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Audible RSS Feeds - Classics. Classics Audio Programs. Classics Audio Programs-Out of the mixture of Latin Germanic paganism and the Christianity of the Early Middle Ages sprung one of the worlds supremely great pieces of literature. J.R.R. Tolkien, author of IThe Lord of the RingsI, delivered a famous lecture to the British Academy in 1936 in which he maintained that IBeowulfI was a poem all of a piece, not (as had been suggested) a jumble of fragments for pedantic scholars to paw over. The power beauty of IBeowulfI enchanted Tolkien so much that he borrowed freely of its imagery even of some of its plot when he forged his own epic of Middle Earth.p
This medieval masterpiece, written in pre-Norman England Saxon, lay forgotten for centuries, rediscovered printed for the first time early in the 19th century. It has been translated many times since, and the more people read IBeowulfI, the more they admire it. For good reason. In strikingly beautiful lines, it affirms the ideal of tenderness joined to strength, and of courage ennobled by virtue. It speaks resounding tones of valor, faith, and honor. Its a heroic tale of pagan Germanic origin, a saga of a vanishing age retold in the new light of the Christian era. Its author, most likely an educated monk from Northumbria, was certainly influenced by the work of Virgil. The old pagan legends of blood feuds monsters formed the dark background against which the Christian hero Beowulf would shine forth with deeds of courage virtue. Of all old Anglo-Saxon poems, IBeowulfI is the greatest.p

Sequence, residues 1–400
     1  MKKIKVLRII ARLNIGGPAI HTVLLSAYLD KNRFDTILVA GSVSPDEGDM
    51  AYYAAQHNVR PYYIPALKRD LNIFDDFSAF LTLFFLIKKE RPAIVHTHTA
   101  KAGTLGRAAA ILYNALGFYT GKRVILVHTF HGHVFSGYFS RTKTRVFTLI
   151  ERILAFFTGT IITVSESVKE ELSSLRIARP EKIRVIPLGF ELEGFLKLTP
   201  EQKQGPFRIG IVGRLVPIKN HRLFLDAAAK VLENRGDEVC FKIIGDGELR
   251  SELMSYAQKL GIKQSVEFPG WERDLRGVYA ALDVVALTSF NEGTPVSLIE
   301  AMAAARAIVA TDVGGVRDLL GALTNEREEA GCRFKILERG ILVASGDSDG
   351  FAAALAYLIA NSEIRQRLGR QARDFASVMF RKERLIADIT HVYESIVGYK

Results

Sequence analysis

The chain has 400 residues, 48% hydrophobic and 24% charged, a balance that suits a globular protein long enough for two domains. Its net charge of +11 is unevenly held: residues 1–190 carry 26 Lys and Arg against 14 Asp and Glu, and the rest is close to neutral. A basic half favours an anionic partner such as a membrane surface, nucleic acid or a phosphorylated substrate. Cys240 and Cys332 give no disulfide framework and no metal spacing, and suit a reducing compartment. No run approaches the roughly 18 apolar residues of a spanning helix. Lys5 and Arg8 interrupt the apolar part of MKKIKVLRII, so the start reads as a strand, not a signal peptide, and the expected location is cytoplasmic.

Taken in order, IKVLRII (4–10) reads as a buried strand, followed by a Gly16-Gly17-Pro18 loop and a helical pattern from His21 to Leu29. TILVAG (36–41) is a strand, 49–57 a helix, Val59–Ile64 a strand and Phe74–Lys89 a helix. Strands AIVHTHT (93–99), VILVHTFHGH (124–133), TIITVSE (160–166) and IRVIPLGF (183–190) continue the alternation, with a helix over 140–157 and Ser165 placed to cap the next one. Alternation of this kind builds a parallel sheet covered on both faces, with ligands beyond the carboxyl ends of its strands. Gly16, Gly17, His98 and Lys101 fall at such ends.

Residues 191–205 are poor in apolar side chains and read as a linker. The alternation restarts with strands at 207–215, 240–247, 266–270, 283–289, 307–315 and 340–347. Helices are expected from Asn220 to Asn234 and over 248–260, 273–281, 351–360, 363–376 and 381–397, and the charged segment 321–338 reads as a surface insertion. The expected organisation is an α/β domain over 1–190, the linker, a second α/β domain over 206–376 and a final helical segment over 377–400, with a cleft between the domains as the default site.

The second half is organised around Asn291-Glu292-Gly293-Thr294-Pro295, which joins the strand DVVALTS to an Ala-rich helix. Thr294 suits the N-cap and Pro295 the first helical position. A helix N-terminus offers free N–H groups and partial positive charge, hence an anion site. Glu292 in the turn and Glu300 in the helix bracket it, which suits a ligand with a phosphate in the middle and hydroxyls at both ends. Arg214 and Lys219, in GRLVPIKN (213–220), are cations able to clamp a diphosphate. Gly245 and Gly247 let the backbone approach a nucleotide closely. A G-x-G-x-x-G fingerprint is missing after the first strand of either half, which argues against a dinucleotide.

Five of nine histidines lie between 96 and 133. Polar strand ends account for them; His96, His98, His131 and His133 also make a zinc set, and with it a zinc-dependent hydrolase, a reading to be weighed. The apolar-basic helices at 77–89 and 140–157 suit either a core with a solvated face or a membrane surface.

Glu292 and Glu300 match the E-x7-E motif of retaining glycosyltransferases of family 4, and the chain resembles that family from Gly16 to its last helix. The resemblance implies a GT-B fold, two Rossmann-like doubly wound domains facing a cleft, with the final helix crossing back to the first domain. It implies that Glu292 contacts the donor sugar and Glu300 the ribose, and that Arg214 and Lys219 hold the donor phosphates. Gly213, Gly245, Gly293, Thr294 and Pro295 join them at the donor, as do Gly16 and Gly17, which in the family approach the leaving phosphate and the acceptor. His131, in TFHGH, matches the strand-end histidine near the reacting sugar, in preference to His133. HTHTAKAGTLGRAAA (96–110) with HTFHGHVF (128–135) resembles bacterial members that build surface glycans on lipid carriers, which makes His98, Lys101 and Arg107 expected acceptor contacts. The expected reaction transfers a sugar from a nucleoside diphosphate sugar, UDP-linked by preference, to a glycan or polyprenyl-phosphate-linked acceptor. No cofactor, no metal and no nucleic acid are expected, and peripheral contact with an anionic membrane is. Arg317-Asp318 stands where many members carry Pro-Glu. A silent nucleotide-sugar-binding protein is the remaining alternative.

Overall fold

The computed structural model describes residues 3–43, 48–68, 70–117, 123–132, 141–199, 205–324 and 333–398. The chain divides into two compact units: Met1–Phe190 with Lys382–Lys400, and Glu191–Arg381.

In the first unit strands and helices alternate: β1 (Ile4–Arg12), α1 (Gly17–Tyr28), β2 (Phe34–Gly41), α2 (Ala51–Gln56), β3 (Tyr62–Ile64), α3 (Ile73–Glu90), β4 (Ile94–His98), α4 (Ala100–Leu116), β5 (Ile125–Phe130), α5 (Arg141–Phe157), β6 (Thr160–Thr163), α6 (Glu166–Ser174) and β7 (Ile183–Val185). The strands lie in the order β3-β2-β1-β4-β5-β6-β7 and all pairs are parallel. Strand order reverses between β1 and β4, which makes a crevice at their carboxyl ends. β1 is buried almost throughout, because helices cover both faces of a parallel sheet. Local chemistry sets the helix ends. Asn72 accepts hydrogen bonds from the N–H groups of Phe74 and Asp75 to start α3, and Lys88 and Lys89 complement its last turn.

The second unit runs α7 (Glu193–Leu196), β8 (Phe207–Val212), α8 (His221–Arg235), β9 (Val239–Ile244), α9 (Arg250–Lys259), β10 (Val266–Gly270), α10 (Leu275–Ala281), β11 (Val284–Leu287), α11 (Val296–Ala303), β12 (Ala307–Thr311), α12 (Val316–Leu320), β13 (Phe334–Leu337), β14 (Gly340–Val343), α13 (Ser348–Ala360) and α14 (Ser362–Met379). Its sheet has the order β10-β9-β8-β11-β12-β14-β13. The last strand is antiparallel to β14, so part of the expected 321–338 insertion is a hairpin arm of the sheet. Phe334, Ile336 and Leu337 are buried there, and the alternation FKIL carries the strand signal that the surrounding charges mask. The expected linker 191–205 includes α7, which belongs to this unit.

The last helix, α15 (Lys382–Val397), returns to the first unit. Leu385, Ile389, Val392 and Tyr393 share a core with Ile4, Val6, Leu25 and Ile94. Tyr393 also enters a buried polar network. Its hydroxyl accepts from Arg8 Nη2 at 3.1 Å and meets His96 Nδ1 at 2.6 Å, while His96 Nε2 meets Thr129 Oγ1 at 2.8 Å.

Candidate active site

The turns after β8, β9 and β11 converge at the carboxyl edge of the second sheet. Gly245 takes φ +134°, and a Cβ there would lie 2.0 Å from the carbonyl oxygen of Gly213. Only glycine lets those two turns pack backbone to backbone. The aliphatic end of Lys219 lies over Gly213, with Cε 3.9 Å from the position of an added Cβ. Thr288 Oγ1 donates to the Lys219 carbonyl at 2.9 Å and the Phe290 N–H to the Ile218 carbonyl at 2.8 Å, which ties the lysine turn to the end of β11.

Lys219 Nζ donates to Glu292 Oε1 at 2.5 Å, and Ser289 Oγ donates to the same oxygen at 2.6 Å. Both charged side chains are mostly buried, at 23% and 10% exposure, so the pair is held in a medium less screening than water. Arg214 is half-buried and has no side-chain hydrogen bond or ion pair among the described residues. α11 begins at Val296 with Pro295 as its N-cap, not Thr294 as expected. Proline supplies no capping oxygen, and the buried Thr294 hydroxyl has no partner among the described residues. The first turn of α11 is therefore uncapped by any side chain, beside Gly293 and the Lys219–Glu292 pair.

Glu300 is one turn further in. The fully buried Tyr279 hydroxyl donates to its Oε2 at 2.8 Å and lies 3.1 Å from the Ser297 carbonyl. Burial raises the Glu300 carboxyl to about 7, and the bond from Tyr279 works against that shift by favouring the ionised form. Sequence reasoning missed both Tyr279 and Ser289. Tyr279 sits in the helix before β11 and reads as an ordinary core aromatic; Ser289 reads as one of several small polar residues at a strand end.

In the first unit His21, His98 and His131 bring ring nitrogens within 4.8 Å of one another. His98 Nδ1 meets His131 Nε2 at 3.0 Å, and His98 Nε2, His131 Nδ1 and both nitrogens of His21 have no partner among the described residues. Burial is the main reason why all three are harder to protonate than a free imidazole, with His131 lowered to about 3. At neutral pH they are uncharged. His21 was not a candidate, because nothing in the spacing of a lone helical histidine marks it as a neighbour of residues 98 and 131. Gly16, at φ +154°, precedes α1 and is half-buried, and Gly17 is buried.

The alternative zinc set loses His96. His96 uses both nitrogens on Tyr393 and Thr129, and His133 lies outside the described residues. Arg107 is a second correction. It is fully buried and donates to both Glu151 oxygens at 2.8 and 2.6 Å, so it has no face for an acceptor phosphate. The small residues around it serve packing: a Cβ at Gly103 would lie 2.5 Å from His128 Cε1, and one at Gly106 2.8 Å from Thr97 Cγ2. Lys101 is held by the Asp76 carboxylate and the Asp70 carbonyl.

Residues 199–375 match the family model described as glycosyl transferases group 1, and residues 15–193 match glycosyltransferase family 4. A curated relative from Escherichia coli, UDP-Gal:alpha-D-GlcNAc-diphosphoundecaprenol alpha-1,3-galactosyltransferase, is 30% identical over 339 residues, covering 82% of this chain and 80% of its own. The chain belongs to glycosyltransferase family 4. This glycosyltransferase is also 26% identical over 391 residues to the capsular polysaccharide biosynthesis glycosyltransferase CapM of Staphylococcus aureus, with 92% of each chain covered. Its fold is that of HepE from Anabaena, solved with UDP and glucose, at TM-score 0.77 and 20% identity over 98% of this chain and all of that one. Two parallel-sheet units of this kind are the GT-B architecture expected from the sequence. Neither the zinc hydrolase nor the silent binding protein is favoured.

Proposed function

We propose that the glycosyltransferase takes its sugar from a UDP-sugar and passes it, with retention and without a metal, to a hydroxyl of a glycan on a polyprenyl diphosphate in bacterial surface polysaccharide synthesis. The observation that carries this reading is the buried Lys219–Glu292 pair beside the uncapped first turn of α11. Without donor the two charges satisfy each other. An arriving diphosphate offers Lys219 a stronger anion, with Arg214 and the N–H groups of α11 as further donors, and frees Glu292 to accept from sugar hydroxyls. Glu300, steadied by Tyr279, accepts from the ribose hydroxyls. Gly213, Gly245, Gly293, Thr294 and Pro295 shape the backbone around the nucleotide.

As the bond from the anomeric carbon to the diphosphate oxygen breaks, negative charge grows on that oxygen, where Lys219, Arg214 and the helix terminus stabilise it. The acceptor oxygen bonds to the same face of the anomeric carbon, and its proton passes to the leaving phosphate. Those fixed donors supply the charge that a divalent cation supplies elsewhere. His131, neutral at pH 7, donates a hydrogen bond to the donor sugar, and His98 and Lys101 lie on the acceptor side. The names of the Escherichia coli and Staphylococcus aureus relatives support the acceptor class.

This version of IBeowulfI is organized in 17 parts. Within some sections, there are digressions which do not, strictly speaking, belong to the central plot. These sections, called lays, have been enhanced by an echo to help the listener detect them. An introduction by Henry Bradley precedes the poem.
brbrTo supplement the full text, listen to the SparkNotes Guide for Beowulfaa.

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